Through the slalom, the G37’s heavier steering offers high-resolution feedback, which helps making prudent decisions at speed easy. But the Genesis has better body roll control and provides more than enough feedback to sense its limits. The Infiniti is quicker at 69.7 mph vs. the Genesis coupe’s 68.2-mph run.
The real story here is bigger than the numbers. Drive these cars back-to-back over the same section of road and you’ll find them similarly capable. You’ll squeeze more speed out of one exiting a corner yet find the other more confident going in. You’ll learn to love the G37’s instant brake response and then fall for the Genesis’ more relaxed but equally confident pedal action. Going quickly in the 2010 Hyundai Genesis Coupe is a product of its guttural grunt, intuitive feel and textbook rear-drive balance. By comparison, the Infiniti is more anxious, more precise and more immediate.
In this case, both approaches work well. But if we were going to split hairs, we’d say that the 2009 Infiniti G37 makes a bigger sacrifice in daily driving where its heavy steering and immediate brake response seem unnecessary and, at times, awkward. But then we’d have to tell you that the Genesis coupe’s engine mounts are too soft, so its big V6 flops around way too much during quick shifts or rapid throttle transitions, creating intrusive drivetrain lash. But we won’t do that because we genuinely like the way both cars are tuned.
Living Inside and Out
Hyundai’s interior quality and design are a step up from many comparably priced cars, but when compared to a machine as costly as the G37 it’s sometimes clear where the corners were cut.
The G37’s center stack offers two additional knobs that are universally more expensive and offer more expedient, rapid control than buttons. In this case, there’s another knob for the G37’s passenger temperature, because dual-zone climate control is standard on the Infiniti and not available on the Genesis. There’s also another knob for radio tuning. The radio and ventilation controls for both cars operate with quality feel, but with few exceptions, the Infiniti offers a slightly improved level of precision and damping from its knobs.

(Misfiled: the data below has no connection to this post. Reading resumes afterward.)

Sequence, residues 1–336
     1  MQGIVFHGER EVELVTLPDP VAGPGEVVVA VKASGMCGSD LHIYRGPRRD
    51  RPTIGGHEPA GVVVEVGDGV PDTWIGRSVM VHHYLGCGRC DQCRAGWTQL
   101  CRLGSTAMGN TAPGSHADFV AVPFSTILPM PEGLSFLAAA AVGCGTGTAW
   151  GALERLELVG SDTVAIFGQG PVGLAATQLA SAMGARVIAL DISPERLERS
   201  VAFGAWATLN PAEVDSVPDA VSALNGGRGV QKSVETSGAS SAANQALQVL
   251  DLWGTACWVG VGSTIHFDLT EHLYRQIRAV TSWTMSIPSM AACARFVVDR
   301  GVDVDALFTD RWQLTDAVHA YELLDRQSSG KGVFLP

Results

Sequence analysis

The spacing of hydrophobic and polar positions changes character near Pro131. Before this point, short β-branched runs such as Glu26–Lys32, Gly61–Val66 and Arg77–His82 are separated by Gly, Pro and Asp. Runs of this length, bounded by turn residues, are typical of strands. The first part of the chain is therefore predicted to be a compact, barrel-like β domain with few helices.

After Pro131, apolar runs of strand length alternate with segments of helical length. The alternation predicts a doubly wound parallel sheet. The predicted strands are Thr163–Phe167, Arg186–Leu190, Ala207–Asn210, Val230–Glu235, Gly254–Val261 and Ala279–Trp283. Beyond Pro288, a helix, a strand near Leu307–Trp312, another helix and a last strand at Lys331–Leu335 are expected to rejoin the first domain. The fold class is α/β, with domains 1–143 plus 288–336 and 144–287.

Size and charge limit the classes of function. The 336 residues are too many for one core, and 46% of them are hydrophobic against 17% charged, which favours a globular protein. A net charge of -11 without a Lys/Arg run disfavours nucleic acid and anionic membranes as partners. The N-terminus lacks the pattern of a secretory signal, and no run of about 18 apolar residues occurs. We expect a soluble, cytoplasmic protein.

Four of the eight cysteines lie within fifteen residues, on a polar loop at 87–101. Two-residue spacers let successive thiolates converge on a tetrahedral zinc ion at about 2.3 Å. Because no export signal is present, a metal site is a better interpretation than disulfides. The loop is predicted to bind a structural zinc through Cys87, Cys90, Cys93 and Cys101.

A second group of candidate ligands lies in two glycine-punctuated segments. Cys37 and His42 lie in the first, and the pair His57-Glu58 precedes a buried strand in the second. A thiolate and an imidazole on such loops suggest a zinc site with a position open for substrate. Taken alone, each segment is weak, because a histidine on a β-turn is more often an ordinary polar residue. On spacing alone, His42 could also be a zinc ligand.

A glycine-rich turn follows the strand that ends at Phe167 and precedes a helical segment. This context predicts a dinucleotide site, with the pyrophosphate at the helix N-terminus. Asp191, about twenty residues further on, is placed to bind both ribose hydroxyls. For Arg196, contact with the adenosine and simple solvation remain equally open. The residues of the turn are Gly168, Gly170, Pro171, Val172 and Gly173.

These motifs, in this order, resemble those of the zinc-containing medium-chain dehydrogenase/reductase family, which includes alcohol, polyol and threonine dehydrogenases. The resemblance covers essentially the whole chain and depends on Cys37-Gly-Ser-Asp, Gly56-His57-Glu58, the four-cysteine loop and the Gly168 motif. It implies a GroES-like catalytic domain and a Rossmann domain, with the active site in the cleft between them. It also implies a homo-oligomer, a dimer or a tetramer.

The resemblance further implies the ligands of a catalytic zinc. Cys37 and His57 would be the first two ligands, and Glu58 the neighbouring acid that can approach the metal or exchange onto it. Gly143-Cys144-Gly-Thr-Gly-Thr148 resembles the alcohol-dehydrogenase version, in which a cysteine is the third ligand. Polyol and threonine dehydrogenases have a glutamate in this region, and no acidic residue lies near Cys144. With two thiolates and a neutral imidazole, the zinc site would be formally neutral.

The Infiniti’s $2,200 Navigation package provides one of the best nav systems in the business as well as XM Nav Traffic, 9.3GB of hard-drive storage for music and a compact flash slot for MP3 playback. Navigation won’t be available on the Hyundai until mid-model year.
Hyundai has cut no corners on the seats of the Genesis, however. In fact, the only way we can think to realistically improve them is to put a non-slip surface on the seat bottom. Otherwise, they are supportive, adjustable, even good-looking. And they’re superior to the G37’s seats in every way except there is no easy-entry release for either of the front seats, a feature the G offers.
Once in the backseat, passengers 5-foot-10 and taller will have to duck down in the Genesis but will still fit in the G37. Both cars make compromises in their rear seats, which is to say, don’t plan on riding in the back of either one for very long.
And finally, the ability to make the Infiniti G37 look slab-sided and stodgy requires a car as aggressively styled as the Genesis coupe. This is truly a beautiful machine with lines and angles which literally stop traffic. If you’re not a wuss, you’ll get yours in Bathurst Black, which best shows off the coupe’s gorgeous haunches and sculpted sides. Hyundai managed to knock off the G37’s elegant proportions and then add some much-needed shape. And we love it.
The Rest of the Story
It’s the undeniable value equation that tips this test in the favor of the 2010 Hyundai Genesis 3.8. You simply get more car for your dollar with the Genesis coupe. Sure, it’s not as much car as the 2009 Infiniti G37, but at two-thirds the cost, it doesn’t have to be.
Plus the Hyundai effectively opens up the sport coupe arena to a new buyer — one who isn’t prepared to drop the better part of $50 large on a car but wants the looks and most of the performance of the big players. And that, friends, earns the 2010 Hyundai Genesis Coupe 3.8 a spot on anybody’s short list of possible purchases.
The manufacturers provided Edmunds these vehicles for the purposes of evaluation.
By Josh Jacquot, Senior Road Test Editor